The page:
Archive for May, 2009

Natasha Lyonne & Marshall Allman brave the Seattle press

May 26, 2009

This weekend NWFF was thrilled to welcome “Immaculate Conception of Little Dizzle” stars Natasha Lyonne and Marshall Allman to Seattle, to present the film Sunday night to a sold out crowd at the Egyptian.

A lucky few of Seattle’s press were able to sit down with the vivacious pair before the Sunday show. Read the results:

Don’t miss this while you are SIFFing

May 26, 2009

This Thursday and Sunday we are pleased to show the new documentary about the black metal music scene, Until the Light Takes Us, with the directors in attendance!

You don’t even have to miss a SIFF movie, since the film plays both nights at 11:30pm.

And tickets are SELLING, so get yours soon.

Since pretty much all I know about black metal I gleaned from watching this movie, I’ll let the experts at Dissonant Plane music in Ballard do some more explaining:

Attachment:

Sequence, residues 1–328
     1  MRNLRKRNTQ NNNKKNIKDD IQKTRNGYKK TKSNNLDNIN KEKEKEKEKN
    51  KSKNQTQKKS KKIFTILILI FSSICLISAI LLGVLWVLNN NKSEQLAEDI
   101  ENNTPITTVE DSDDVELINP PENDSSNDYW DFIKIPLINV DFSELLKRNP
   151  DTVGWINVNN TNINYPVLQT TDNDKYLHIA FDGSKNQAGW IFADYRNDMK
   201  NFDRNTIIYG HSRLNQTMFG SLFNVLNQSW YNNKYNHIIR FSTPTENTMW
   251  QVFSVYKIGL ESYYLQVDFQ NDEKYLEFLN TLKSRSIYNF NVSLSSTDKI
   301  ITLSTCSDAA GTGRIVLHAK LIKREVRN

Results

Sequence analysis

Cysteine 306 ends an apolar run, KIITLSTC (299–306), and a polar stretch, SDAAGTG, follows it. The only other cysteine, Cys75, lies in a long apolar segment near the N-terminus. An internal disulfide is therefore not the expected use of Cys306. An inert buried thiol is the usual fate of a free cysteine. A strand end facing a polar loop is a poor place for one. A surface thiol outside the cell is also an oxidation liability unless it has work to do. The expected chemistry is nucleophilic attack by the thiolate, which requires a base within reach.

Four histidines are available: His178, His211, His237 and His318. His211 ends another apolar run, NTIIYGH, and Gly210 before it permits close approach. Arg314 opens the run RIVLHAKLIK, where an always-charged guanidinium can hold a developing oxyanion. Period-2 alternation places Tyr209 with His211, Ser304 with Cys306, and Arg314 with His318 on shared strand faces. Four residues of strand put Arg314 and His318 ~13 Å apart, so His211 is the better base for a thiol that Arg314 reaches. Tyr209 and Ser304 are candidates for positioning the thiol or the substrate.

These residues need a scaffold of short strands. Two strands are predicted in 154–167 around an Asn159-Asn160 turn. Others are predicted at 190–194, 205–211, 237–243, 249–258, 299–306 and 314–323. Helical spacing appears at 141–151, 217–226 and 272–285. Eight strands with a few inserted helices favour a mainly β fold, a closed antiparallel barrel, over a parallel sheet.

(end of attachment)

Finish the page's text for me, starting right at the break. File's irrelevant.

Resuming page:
Late next Thursday night is a screening the black metal documentary “Until the Light Takes Us“. It’s only playing Thursday the 28th and Saturday the 30 at 11:30 PM and the directors will be there. The film features Gylve “Fenriz” Nagell, Varg “Count Grishnackh” Vikernes, Jan Axel “Hellhammer” Blomberg, Kjetil “Frost” Haraldstad, Olve “Abbath” Eikemo, Harald “Demonaz” Nævdal, Harmony Korine, Bjarne Melgaard, Kristoffer “Garm” Rygg, and Bård “Faust” Eithun. Plus it has music by Darkthrone, Mayhem, Burzum, Ulver, Thorns, Gorgoroth, Enslaved, Boards of Canada, Black Dice, Sunn 0))), Múm and Lesser. Don’t miss your chance to see it on the big screen! Details about these screenings can be found here:
and details about the movie are here:

That Other Film Festival

May 25, 2009

For those Seattlites who care to know what the results were of the recently completed Cannes, here’s a report from IFC Daily’s David Hudson. Hopefully some of the award winners will make there way stateside in the next 12 months.

And the Palme d’Or goes to Michael Haneke‘s “The White Ribbon.”

The Jury, presided over by Isabelle Huppert (other members: Asia Argento, Nuri Bilge Ceylan, James Gray, Hanif Kureishi, Lee Chang-dong, Shu Qi, Sharmila Tagore and Robin Wright Penn) have also presented the following awards: